Top tips for making your garden safe for dogs
Our gardens can provide a whole host of fun for your dog — from playing games and having a run about, to choosing new toilet spots and sniffing to their heart’s content — but these spaces can be hazardous too. To ensure your pooch stays safe whilst roaming your outdoor space, Harringtons, natural dog foods pulled together five top tips for making your garden the most dog-friendly place possible.
- Avoid toxic plants
Utilising an outdoor space and creating your very own eden of greenery not only benefits your mental health and the environment, it also gives your dog a fun place to explore. However, before you start, you should know which plants are best to avoid as they could be toxic for your pooches.
Some potentially toxic plants and trees for dogs to avoid include:
- Oak trees
- Tomato plants
- Yew trees.
That may sound like a long list, but don’t worry — there are plenty of dog friendly plants to choose from, so your garden can still be filled with luscious greens and bright colours!
Did you know that lavender also has health benefits for our dogs? Diluted lavender oil is sometimes used to combat allergic symptoms in dogs, due to its anti-inflammatory, calming effects.
- Be careful with chemicals
Many popular weed killers and lawn treatments contain harmful chemicals that can leave our four-legged friends with burns on their skin, vomiting, diarrhoea and breathing difficulties. Ingredients to avoid include…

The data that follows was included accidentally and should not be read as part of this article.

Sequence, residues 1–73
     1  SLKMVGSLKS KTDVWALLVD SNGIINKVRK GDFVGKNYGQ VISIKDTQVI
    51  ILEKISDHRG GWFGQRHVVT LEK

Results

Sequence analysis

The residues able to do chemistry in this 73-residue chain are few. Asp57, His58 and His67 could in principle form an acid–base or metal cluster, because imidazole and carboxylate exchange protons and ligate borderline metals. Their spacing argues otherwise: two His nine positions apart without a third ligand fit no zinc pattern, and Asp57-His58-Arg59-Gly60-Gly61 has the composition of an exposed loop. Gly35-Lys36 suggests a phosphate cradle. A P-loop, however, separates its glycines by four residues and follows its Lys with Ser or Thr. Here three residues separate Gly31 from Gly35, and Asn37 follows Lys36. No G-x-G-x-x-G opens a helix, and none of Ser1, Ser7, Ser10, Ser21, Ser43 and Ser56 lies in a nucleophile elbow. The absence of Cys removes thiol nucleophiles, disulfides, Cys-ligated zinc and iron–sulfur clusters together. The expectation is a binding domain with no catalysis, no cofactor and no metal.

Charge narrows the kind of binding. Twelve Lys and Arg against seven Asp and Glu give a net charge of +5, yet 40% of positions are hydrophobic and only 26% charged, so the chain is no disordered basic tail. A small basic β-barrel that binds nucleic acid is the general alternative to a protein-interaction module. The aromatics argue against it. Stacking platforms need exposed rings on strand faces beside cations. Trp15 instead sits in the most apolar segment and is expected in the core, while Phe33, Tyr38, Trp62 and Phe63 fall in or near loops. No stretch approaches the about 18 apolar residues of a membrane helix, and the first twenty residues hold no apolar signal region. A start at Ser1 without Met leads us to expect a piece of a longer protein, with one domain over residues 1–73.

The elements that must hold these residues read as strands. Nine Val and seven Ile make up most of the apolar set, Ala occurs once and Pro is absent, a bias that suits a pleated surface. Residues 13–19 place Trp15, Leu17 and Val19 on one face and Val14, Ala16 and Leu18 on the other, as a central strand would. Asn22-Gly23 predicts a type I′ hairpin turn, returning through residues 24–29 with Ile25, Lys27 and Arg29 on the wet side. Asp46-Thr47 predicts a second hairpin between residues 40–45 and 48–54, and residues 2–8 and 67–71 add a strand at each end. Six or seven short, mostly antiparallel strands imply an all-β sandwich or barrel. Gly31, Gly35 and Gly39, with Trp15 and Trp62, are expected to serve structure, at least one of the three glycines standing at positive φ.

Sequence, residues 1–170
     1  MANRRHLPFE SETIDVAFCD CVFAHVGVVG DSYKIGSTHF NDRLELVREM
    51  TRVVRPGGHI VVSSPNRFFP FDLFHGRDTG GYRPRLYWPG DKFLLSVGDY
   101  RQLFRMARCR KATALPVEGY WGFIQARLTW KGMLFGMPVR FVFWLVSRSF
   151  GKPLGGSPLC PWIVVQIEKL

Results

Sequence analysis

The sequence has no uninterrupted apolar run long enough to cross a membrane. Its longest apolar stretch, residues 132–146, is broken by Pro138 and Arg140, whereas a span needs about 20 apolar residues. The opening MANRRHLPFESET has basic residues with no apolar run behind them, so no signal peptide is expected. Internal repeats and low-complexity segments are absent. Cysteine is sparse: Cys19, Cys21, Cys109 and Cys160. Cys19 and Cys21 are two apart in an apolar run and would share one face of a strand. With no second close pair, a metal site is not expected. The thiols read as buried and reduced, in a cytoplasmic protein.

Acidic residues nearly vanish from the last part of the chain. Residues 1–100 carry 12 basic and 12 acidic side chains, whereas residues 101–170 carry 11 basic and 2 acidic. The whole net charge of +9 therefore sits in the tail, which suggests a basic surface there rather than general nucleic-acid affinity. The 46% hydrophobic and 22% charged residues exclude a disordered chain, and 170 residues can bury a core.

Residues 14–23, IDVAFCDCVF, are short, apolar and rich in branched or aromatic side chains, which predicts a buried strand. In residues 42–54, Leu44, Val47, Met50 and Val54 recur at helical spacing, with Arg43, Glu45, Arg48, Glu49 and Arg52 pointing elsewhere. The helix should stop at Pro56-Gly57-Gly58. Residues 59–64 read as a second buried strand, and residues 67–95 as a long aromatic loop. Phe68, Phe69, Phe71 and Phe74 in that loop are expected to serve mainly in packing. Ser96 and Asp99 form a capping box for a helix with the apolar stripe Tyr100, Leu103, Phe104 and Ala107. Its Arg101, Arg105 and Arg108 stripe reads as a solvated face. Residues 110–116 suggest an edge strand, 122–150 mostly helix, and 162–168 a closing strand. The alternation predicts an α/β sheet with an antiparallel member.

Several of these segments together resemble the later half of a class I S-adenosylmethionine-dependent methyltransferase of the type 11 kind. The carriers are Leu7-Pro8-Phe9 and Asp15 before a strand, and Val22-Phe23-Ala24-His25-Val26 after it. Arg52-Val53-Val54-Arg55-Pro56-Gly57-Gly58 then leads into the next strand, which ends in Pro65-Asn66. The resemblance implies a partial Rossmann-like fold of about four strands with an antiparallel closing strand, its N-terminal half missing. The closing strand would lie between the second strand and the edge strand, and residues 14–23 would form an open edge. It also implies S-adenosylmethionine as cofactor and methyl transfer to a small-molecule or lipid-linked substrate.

- Sodium arsenite
- Ammonium sulfamate
Whilst making sure to avoid these ingredients, rest assured, there are plenty of pet-friendly products to choose from. It’s not hard to have the best of both worlds — a happy, healthy dog and a garden that looks its best!
- Stop the digging
If one thing’s for sure, dogs love to dig. It’s in their nature — but it can disrupt the ecosystem you’ve spent time creating in your garden and undo all your green-fingered efforts!
Strong smells can be the answer to deter digging; try dried mustard, dried pepper, bitter orange or coffee grounds, with the latter doubling up as great fertiliser. Smaller spaces could benefit from a design with decking or a patio area, with raised flower beds built in to house your plants, removing the temptation of digging from your pooch — it also saves you time on mowing the lawn!
- Make sure your garden is secure
For peace of mind when you let your dog out in the garden, make sure it’s safe and secure for them to play in.
Close off any potential escape routes like gaps in the fence or a dodgy side gate. Keep sharp tools and harmful chemicals safely stored away in a locked shed, and make sure your rubbish (including compost bins) are out of reach.
As we all know, dogs love a good sniff around, especially when there’s a chance of finding something tasty — but our rubbish could contain toxic food scraps like onions. There could also be potentially sharp objects, like disposable razors or plastic packaging which could cause painful injuries!
- Keep your pooch away from snails and slugs
Snails and slugs are notorious garden pests — but they can do more damage than just chomping away at your plants! They can carry a disease called lungworm, which can be spread to your dog if they eat one, leading to a range of potentially dangerous health problems.
Be careful with your choice of slug and snail pellets or baits; metaldehyde is a common ingredient which, as we discussed, can be very dangerous to dogs. If you think your dog has consumed a snail or a slug, consult your vet immediately.
Gardens are a great space for your dog to enjoy, whether they’re burning off some energy playing games with the family, or relaxing in the shade on a warm day. Make sure you do your garden checks so you can rest assured they’re safe and secure when they’re out there.